On Wednesday, Sept. 22, from 5:30 p.m. to 7 p.m. at the Schwartz Center for the Performing Arts, the College of Arts & Sciences will host the event, “Aftershocks: Geopolitics Since the Ukraine Invasion” to discuss this war’s impact on Eurasia and beyond.
To the Editor:
On March 13, Irvin McCullough of the Cornell Republicans authored a well-reasoned letter advocating for the repeal of Dodd-Frank Conflict Minerals Rule and challenging the student-led campaign urging Cornell to make conflict mineral-free purchasing decisions. His myriad assertions deserve responses. Contrary to McCullough’s claim that conflict-free initiatives have increased militia-led violence, evidence-based assessments attest to their achievement of the opposite outcome. According to reports from the Belgian research group IPIS, the implementation of Dodd-Frank’s conflict mineral regulations has coincided with most paramilitary-controlled mines becoming entirely conflict-free. A cluster of 41 civil society groups in North Kivu recently joined a total of 101 Congo-based human in unequivocally condemning the possible suspension of federally mandated conflict mineral audits, saying that the eastern Congo has U.S. government mandates to thank for increased security in the region.
I have often wondered why the world insists that ISIS is not a state. I understand that there is power in being a state and giving any power to these terrorists seems inherently wrong. Yet, terror seems to be at the heart of many nations’ foundings, and while it seems to be on a new scale, when did we as a world forget our own history? Was it once the fear was gone? The danger of the past becomes more forgivable, especially when you have to live with the product.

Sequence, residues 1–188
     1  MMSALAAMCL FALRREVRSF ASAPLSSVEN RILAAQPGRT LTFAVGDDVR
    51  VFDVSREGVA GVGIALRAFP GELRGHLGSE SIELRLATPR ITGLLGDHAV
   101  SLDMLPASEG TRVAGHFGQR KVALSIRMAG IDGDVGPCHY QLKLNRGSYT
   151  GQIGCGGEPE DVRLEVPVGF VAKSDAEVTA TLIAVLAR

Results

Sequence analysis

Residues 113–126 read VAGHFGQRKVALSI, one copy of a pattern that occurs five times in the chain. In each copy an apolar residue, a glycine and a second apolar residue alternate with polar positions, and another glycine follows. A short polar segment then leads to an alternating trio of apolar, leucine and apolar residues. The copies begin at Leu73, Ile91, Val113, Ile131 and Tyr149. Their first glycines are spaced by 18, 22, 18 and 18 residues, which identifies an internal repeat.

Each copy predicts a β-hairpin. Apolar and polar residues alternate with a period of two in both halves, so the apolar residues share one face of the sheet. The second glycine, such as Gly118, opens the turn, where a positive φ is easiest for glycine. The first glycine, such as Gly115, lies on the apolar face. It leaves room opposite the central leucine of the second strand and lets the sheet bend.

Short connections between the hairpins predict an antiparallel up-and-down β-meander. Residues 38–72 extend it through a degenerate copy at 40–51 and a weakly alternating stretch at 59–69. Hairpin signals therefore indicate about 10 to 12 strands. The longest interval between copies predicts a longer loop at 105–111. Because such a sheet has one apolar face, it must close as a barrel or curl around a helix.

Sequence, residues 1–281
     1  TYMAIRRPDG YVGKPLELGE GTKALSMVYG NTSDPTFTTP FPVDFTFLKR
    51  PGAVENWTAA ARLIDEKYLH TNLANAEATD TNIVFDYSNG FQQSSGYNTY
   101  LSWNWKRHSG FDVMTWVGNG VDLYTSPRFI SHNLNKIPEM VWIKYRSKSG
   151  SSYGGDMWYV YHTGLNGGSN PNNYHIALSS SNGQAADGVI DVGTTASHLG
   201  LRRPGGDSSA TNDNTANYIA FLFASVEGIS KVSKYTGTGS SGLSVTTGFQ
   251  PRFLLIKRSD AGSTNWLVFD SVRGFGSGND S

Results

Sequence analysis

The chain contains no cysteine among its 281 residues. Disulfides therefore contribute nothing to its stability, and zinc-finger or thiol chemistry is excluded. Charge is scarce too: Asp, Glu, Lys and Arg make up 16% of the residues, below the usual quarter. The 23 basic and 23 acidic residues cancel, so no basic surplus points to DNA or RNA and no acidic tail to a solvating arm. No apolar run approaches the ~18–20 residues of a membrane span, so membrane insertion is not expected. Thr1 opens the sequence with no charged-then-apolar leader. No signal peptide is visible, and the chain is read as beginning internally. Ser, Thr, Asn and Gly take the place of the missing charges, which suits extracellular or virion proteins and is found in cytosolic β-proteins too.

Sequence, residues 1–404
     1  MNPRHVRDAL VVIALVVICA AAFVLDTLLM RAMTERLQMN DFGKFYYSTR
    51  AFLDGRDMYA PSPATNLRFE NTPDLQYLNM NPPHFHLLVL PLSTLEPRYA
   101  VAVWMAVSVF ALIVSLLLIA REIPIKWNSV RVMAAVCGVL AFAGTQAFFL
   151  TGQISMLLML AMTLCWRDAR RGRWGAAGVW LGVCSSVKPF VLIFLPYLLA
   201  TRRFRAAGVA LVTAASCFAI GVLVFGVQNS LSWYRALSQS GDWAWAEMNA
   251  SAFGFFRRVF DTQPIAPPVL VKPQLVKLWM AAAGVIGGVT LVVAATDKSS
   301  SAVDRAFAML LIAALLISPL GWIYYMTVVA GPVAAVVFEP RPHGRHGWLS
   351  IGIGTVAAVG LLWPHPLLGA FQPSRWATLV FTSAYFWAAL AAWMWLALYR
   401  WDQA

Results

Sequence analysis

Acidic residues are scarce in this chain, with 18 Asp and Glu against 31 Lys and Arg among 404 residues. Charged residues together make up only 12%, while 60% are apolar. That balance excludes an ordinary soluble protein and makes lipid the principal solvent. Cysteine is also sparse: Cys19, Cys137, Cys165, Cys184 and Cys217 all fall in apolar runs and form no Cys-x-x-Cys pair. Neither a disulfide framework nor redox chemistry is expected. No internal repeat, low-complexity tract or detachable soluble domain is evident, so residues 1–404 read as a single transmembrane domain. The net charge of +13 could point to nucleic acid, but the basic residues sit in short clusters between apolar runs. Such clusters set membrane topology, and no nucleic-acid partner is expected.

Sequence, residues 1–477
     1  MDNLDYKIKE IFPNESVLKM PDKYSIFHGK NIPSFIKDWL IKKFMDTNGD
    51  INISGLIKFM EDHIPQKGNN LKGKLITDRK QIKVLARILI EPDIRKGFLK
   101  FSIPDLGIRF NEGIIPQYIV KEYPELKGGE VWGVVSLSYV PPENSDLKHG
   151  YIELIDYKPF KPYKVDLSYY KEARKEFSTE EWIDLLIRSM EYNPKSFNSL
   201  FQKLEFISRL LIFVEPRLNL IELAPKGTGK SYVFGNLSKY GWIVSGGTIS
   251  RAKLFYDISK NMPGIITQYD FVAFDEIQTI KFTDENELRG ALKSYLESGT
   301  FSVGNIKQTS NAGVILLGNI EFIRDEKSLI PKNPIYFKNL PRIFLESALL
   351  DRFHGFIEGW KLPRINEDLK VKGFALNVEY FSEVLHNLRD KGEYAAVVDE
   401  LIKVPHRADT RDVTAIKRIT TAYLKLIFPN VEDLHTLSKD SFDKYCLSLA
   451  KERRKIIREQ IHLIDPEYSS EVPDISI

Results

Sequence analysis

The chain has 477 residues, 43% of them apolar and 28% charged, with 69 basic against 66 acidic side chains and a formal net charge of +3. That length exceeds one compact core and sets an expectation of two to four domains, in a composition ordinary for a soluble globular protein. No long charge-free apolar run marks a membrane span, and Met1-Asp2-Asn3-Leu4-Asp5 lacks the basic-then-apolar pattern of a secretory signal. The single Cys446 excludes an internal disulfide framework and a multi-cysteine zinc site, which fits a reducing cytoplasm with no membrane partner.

Robert Malley, the program director for Middle East and North Africa at the International Crisis Group in Washington, D.C., addressed a modest crowd inside Goldwin Smith’s Hollis E. Cornell auditorium yesterday evening.
Malley, who is widely regarded as an expert on the Israeli-Palestinian conflict, gave an insider’s perspective on the nature of the crisis and offered a uniquely anecdotal appraisal of the problems currently facing Israel, Palestine and the United States.
Cornell boasts of having one of the most diverse student and faculty populations in the world. With undergrads, grads and professors from over 120 countries, few are better suited to keep you up-to-date and informed on rapidly changing world events. This weekly section will highlight prominent global issues through a Cornell perspective.
Last Saturday, hundreds of Georgians in T-shirts emblazoned with the red crosses of the Georgian flag linked hands along New York City’s Fifth Avenue to protest the Russian attack on Georgia.